A college student from California is making waves this week after being told he couldn’t pass out copies of the United States Constitution on campus.
Robert Van Tuinen, 25, was attempting to hand out complimentary copies of the US Constitution at Modesto Junior College in central California on Tuesday when a police officer informed him that he could only distribute pamphlets on campus if done from within a designated free-speech area that requires weeks of notice to reserve.
“Anytime anything is being passed out it has to be… you have to go through the Student Development office,” said the officer.
“Don’t I have free speech, sir?” Van Tuinen responded, clutching copies of the Constitution.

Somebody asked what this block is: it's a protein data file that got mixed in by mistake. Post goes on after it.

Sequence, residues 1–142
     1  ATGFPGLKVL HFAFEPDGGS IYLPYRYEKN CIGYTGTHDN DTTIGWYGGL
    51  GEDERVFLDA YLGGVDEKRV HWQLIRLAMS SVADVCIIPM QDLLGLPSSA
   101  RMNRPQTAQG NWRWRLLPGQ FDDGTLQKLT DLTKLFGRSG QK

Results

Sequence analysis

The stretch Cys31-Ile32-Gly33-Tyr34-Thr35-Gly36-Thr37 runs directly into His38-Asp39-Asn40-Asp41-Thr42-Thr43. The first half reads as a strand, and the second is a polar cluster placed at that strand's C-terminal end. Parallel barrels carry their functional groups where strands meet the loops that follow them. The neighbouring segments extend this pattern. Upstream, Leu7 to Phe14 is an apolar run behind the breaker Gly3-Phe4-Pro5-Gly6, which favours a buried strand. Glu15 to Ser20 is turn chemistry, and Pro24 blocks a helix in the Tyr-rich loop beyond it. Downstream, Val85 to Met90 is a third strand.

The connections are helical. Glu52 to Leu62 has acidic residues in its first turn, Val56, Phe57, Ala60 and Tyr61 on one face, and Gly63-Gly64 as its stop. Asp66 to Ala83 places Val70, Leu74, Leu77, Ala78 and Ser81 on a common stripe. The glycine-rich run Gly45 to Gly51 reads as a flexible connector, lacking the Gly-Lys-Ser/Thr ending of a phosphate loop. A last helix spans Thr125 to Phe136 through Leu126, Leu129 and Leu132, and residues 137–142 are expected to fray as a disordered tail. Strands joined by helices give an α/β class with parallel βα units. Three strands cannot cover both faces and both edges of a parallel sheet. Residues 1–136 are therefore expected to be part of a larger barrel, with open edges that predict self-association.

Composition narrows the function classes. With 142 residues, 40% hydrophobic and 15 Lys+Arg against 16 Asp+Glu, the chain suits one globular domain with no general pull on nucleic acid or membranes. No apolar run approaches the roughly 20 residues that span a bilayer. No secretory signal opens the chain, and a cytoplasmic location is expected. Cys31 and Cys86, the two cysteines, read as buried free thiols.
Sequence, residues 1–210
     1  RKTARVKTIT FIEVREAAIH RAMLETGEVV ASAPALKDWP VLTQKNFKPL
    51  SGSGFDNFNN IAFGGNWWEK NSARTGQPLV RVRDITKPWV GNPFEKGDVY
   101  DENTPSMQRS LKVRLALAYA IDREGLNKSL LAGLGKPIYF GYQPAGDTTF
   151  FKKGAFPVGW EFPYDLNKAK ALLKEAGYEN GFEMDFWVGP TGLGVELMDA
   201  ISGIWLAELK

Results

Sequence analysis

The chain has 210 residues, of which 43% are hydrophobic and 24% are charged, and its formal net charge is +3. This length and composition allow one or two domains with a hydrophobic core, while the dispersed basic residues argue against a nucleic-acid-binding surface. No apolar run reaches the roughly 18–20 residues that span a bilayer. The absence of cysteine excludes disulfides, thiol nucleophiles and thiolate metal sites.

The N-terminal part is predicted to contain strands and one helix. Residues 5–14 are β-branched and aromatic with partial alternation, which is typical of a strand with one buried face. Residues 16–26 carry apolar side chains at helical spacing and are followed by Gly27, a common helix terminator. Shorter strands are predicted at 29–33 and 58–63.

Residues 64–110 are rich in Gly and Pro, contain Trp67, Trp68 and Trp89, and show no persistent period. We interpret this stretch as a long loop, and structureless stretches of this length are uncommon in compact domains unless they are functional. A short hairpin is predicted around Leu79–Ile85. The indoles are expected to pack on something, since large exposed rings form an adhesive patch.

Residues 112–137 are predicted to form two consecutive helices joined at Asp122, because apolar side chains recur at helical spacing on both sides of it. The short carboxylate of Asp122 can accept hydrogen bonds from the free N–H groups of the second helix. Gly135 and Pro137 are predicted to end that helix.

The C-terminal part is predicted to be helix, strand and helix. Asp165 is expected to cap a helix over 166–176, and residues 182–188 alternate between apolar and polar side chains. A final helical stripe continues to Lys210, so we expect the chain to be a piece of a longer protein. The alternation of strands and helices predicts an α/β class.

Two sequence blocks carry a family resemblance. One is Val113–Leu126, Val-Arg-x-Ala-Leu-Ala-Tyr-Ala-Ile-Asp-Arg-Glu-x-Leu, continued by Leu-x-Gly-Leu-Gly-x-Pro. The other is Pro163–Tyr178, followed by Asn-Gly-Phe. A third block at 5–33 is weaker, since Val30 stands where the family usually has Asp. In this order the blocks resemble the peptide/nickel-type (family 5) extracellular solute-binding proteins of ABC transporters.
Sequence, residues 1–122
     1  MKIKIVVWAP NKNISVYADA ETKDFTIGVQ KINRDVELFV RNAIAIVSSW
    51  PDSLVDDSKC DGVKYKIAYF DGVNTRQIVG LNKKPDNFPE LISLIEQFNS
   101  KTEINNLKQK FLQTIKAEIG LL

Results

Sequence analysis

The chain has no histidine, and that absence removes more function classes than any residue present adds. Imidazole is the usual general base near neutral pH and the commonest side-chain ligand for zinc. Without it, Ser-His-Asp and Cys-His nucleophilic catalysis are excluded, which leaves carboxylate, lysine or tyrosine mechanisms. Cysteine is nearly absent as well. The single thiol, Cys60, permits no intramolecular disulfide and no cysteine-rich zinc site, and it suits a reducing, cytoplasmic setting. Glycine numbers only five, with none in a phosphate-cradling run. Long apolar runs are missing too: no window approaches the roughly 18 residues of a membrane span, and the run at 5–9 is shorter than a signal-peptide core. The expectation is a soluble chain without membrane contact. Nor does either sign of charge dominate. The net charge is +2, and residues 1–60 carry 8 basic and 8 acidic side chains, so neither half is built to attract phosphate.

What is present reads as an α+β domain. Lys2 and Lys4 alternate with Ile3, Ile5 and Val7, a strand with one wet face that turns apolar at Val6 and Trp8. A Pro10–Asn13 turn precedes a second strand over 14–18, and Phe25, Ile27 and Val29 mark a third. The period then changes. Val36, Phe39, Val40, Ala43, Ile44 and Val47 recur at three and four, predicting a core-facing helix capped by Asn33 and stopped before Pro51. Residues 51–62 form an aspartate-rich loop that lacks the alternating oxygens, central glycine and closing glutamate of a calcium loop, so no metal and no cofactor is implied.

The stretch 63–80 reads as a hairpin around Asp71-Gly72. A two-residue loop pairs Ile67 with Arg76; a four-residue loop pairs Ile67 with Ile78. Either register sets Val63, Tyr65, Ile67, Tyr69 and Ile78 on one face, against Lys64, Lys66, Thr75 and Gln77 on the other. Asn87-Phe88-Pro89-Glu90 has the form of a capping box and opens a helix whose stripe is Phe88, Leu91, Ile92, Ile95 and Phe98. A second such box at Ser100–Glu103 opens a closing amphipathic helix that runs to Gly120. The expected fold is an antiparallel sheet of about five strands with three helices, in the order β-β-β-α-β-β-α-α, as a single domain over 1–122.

“But do you know what this is?” he asked. “What are the rules? Why are the rules tied to my free speech?”
When the student said he wanted to start a group named Young Americans for Liberty, the officer said, “That’s fine, but if you’re going to start an organization like that you have to go through the rigamarole.”
Van Tuinen raised his objections with the officer and recorded video of the confrontation, as well as an impromptu meeting shortly after with a campus administrator, who told the student there is “a time, place and manner” restriction when it comes to distributing material on campus. The earliest he could be allowed to demonstrate “in front of the student center, in that little cement area” would be September 20, she told him, and at one point dismissively said “you really don’t need to keep going on.”